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Abstract: Case Reports |

SUCCESSFUL TREATMENT OF ENDOBRONCHIAL OBSTRUCTION DUE TO RECURRENT RESPIRATORY PAPILLOMATOSIS USING RIGID BRONCHOSCOPY FREE TO VIEW

Jaswinderpal Sandhu, MD*; Amit Tibb, MD; Alexis Jackman, MD; Thomas K. Aldrich, MD
Author and Funding Information

Montefiore Medical Center and Albert Einstein College of Medicine, Bronx, NY


Chest


Chest. 2008;134(4_MeetingAbstracts):c25001. doi:10.1378/chest.134.4_MeetingAbstracts.c25001
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Abstract

INTRODUCTION: Recurrent respiratory papillomatosis (RRP), benign tumors of the airway with potential to undergo malignant transformation to squamous cell carcinoma (in 3–4%), are caused by the human papilloma virus (HPV). These tumors usually involve the larynx, epiglottis, sub glottis, vocal cords and trachea. Pulmonary parenchymal and endobronchial involvement is seldom seen. We describe a case of endobronchial obstruction caused by RRP in a non-compliant patient.

CASE PRESENTATION: A 36-year male smoker with a past medical history significant of recurrent respiratory papillomatosis (RRP), s/p multiple laser excisions and microdebridement over the last ten years, presented with a two weeks history of hoarseness, productive cough and shortness of breath. Examination revealed an acutely ill man in moderate respiratory distress with respiratory rate of 30/minute, heart rate of 114/minute, blood pressure of 166/82 and oxygen saturation (SpO2) of 89%, increasing to 94% with supplemental oxygen. Chest examination revealed bilateral inspiratory and expiratory wheezing and stridorous breath sounds, prominent over the neck and the upper airway. The remaining physical examination was noncontributory. Complete blood count, metabolic panel and coagulation panel were normal, as was a portable single view chest radiograph. The patient became progressively hypoxic and developed respiratory failure, with arterial blood gas showing pH 7.214, pCO2 73mmHg and pO2 105mmHg. Non-invasive ventilation was not well tolerated. Direct laryngoscopic visualization of the upper airway during intubation showed multiple polyps in the supraglottic region and on the right vocal cord. He was treated with intravenous steroids and bronchodilators. Thoracic computed tomography demonstrated diffuse nodular opacities within the trachea and the bronchi, occluding the right main stem bronchus and bronchus intermedius, multiple scattered small nodules in the left lower lobe, left upper lobe and right upper lobe, including one with cavitation, and sub centimeter hilar lymphadenopathy. The next day, in the OR, fiberoptic bronchoscopy showed multiple papillomas in the supraglottic region, right vocal cord, trachea, right main bronchus, and right bronchus intermedius, the latter occluding the airway. The RUL and left-sided bronchi were patent. The patient underwent direct laryngoscopy and rigid bronchoscopy with excision and microdebridement of the upper airway, tracheal and endobronchial papillomas. The histopathology of the excised tissue showed laryngeal and tracheal papillomas consistent with the diagnosis of recurrent respiratory papillomatosis and revealed diffuse low as well as high grade dysplasia. Immuno-histochemistry was positive for HPV 6 and 11. After he was extubated and he reported considerable improvement of his symptoms.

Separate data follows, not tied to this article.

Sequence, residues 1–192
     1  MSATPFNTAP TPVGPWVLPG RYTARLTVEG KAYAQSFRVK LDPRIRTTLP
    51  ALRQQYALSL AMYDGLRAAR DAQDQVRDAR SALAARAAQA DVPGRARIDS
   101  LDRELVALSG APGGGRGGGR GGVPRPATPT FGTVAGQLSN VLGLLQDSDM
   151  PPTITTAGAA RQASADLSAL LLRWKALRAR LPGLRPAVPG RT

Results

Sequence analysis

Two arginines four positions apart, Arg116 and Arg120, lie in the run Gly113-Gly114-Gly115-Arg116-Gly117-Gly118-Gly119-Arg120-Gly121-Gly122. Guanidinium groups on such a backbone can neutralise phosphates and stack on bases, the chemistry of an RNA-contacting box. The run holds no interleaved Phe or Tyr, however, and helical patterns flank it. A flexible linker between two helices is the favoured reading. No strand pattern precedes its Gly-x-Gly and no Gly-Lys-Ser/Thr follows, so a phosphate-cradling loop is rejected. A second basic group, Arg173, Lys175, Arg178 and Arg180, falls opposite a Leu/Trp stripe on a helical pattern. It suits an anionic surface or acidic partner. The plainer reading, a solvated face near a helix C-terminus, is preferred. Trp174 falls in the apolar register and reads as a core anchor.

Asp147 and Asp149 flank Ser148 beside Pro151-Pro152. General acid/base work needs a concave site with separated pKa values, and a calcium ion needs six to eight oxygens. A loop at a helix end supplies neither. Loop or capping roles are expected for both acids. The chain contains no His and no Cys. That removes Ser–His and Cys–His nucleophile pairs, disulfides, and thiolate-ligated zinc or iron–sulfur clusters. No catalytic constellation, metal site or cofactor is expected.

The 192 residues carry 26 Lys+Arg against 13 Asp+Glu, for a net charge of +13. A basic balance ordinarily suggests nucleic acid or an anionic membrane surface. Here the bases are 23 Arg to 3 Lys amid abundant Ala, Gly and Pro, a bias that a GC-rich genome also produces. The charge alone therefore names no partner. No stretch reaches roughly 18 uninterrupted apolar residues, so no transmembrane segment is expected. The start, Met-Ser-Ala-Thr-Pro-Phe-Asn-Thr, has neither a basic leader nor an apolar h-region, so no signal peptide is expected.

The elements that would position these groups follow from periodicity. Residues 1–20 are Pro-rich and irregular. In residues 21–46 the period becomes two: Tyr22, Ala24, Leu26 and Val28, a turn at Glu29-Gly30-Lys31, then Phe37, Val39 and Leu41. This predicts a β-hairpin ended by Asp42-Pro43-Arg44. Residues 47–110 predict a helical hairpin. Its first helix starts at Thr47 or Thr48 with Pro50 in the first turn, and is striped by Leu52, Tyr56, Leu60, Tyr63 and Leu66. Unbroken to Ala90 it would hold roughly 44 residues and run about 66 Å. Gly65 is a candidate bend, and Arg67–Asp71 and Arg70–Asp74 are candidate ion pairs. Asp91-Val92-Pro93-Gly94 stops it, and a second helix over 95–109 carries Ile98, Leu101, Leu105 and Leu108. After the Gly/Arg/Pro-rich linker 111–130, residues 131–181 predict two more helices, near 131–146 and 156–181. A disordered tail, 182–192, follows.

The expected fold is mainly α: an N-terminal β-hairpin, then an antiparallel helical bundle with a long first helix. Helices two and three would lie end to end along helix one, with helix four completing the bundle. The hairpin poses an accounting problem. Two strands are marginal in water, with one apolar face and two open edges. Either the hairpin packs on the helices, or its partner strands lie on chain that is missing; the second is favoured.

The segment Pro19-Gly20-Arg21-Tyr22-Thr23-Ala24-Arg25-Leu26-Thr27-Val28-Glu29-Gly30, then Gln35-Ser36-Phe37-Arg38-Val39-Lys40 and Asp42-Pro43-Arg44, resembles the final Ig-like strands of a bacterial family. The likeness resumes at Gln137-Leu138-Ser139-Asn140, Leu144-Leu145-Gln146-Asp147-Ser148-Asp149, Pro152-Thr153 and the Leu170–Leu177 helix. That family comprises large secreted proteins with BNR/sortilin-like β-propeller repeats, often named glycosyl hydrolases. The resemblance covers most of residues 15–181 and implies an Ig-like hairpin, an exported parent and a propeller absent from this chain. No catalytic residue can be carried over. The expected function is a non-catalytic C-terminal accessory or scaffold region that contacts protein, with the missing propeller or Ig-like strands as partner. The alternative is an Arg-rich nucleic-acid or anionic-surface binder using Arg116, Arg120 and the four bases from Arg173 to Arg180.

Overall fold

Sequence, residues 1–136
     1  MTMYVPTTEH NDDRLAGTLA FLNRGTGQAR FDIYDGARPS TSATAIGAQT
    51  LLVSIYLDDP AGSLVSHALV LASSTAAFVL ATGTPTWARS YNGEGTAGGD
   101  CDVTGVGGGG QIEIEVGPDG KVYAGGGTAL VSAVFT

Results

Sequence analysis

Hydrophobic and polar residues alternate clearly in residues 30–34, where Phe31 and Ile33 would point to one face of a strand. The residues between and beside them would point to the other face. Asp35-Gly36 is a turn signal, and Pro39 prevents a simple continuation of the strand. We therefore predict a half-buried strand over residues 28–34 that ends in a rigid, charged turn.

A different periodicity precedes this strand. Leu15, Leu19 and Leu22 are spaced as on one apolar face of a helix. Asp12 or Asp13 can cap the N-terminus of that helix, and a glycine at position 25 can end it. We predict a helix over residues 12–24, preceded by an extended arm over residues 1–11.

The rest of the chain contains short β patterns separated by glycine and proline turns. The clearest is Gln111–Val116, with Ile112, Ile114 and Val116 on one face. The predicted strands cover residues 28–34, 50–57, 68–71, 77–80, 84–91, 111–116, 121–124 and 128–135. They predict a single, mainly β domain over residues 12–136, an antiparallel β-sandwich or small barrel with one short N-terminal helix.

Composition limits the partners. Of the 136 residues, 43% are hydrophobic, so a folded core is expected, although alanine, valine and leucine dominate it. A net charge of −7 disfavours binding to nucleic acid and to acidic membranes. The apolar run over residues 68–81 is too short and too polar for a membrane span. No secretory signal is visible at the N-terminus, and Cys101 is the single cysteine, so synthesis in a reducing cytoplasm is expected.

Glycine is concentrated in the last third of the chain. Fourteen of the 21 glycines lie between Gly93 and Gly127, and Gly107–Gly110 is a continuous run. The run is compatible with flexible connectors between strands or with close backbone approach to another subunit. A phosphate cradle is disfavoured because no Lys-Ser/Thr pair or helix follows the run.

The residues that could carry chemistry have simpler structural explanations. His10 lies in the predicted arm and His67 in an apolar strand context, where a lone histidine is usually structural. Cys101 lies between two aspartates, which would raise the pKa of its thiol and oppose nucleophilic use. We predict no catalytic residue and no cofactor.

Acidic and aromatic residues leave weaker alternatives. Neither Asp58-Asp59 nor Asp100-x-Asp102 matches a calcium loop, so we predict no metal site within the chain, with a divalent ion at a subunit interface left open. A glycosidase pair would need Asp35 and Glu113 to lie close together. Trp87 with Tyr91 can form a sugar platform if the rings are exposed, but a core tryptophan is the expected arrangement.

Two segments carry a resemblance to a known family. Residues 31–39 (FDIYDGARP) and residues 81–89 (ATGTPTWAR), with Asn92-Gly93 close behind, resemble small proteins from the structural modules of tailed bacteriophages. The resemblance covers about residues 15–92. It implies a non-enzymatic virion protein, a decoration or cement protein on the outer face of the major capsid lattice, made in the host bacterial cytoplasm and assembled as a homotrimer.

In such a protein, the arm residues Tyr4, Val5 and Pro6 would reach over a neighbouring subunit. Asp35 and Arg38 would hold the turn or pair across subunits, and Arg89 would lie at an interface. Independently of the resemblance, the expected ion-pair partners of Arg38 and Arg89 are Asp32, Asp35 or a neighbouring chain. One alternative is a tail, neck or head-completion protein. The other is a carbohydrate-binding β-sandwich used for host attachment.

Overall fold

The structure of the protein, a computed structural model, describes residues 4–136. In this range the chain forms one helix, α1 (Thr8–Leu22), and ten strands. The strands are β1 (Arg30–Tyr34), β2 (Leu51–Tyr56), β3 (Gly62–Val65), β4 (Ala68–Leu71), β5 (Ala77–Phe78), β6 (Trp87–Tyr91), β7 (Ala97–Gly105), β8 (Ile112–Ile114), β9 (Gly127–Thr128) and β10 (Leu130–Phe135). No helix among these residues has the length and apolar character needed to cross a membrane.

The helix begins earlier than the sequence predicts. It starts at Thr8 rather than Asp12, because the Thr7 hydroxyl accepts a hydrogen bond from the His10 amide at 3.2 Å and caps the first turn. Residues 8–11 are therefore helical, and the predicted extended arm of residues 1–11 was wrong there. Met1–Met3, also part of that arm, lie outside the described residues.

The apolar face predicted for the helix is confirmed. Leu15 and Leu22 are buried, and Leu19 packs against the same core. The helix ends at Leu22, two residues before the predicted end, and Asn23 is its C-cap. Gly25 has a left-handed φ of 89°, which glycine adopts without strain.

DISCUSSIONS: Recurrent respiratory papillomatosis (RRP) are rare benign respiratory tumors with bimodal age distribution with peak age of diagnosis around 4 years in children and third to fourth decade in adults. RRP is caused by HPV subtypes 6 and 11. They are typically seen in the larynx, supraglottic area and trachea but rarely extend to the bronchial tree and lung parenchyma, presenting as nodules that may cavitate. Most common symptoms in adult patients include hoarseness of voice, sore throat, cough, and dyspnea. Bronchial RRP may be misdiagnosed as asthma, croup or bronchitis. The course of RRP varies from spontaneous remission to recurrence of papillomas, requiring multiple laser or surgical interventions. Our patient had respiratory failure due to endobronchial obstruction caused by RRP. He was not a candidate for laser resection at this time, due to the extensive endobronchial involvement. Excision of papillomas and microdebridement through rigid bronchoscopy in our patient was successful and he had significant improvement of his symptoms.

CONCLUSION: Recurrent respiratory papillomatosis (RRP), although uncommon, should be diagnosed early and treated aggressively with either laser resection or surgery. If left alone they have the potential to become malignant, and increased morbidity and mortality is seen in patients, with endobronchial obstruction.

DISCLOSURE: Jaswinderpal Sandhu, No Financial Disclosure Information; No Product/Research Disclosure Information

Tuesday, October 28, 2008

4:15 PM - 5:45 PM


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